Circular plane is the radius of the cylinder.  The two types of Cylinders are:   1) Hollow Cylinder and 2)Solid Cylinder.  A hollow cylinder is formed by the lateral surface only.  Eg: A Pipe.  A solid Cylinder is the region bounded by two circular plane surfaces and also the lateral surface.  Ex:  A garden roller.
Mensuration
Solid
C.S.A (sq. units)
T.S.A. (sq. units)
Volume (Cubic units)
Cylinder
Cone
Hemisphere
Sphere
2 π r h
π r l
2 π
4 π
2π r (r+h)
π r (r+l)
3 π
4 π
π  h
1/3 π
2/3 π
4/3 π





Area of a circle = π r2
Area of the base of a cylinder/cone/hemisphere = π r2
Circumference of the base of a cylinder/cone/hemisphere = 2 πr
T.S.A. of a cylinder with one side open = π r2 + 2 πrh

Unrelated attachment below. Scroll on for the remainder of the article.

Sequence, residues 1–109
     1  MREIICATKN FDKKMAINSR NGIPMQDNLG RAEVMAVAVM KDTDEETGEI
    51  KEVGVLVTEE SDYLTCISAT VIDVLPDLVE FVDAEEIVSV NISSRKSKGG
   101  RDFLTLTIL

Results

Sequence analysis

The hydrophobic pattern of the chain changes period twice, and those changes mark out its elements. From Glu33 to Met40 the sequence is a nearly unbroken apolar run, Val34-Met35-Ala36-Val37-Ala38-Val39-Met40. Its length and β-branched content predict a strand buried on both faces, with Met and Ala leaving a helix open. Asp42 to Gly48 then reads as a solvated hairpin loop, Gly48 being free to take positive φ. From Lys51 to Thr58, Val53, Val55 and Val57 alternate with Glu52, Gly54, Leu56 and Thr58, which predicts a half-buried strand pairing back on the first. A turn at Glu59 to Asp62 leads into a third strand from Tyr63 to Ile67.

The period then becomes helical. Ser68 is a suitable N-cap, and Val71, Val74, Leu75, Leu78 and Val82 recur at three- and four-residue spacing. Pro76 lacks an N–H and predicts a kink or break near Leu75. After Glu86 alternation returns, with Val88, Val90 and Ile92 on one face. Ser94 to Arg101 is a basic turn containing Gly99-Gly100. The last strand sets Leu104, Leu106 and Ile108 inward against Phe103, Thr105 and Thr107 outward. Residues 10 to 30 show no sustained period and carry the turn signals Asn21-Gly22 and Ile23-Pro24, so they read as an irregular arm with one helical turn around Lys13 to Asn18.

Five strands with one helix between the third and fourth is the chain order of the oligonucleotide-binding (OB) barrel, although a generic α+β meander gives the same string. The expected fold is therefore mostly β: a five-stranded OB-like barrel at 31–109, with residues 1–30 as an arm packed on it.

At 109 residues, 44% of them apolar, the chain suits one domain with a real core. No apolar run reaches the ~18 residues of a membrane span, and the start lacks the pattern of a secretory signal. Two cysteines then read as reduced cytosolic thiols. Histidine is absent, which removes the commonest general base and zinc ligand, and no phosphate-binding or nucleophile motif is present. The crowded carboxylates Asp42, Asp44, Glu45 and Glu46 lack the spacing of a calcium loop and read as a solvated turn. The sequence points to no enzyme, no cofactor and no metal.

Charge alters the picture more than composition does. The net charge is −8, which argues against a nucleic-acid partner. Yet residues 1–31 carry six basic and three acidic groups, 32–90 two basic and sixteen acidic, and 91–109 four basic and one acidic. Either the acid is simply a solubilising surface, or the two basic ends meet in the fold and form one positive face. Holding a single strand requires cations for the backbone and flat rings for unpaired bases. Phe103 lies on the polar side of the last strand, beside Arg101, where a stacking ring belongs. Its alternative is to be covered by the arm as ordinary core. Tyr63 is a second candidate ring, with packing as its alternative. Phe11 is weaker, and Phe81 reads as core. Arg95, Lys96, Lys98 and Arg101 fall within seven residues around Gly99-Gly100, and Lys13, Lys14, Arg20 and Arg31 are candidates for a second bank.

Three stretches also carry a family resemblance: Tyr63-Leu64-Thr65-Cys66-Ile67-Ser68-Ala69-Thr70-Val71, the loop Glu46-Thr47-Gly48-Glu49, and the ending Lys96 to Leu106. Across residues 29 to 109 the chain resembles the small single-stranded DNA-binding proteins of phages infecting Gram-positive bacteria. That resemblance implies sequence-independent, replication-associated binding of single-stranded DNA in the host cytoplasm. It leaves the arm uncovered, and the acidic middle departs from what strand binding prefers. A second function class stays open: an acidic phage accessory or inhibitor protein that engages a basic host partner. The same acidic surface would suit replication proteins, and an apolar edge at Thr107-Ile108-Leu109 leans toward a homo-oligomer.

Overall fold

Revolution of
(a) Semicircle (along with diameter)       →    Sphere
(b) Right angled triangle                             →    Cone
(c) Rectangle                                                         Cylinder
SCALE DRAWING
Area of a  triangle =  x base x height =  bh
# Area of rectangle = length x breadth = Ib
# Area of a trapezium =  x height x (sum of two parallel sides) =  h (a+b)
Measurement of the area of a land:  1) irregular shaped field is divided into known geometrical shaped fragments.  2) Measurements are recorded and a sketch is drawn to the scale. 3) Measurements are recorded in the surveyor’s field book.  4)
Total area of the land is the sum of the areas of all right angled triangles and the trapezium.  Area of a land is expressed in hectares.  1 hectare = 10,000 sq.mts.